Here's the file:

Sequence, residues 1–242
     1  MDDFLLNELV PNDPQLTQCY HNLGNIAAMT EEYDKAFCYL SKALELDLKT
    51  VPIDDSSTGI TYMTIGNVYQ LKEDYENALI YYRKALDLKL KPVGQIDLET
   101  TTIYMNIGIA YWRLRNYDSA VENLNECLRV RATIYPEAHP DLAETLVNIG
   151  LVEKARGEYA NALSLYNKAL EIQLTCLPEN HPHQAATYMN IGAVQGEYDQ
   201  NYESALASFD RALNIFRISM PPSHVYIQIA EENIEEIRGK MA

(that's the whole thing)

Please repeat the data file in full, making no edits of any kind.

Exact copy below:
Sequence, residues 1–242
     1  MDDFLLNELV PNDPQLTQCY HNLGNIAAMT EEYDKAFCYL SKALELDLKT
    51  VPIDDSSTGI TYMTIGNVYQ LKEDYENALI YYRKALDLKL KPVGQIDLET
   101  TTIYMNIGIA YWRLRNYDSA VENLNECLRV RATIYPEAHP DLAETLVNIG
   151  LVEKARGEYA NALSLYNKAL EIQLTCLPEN HPHQAATYMN IGAVQGEYDQ
   201  NYESALASFD RALNIFRISM PPSHVYIQIA EENIEEIRGK MA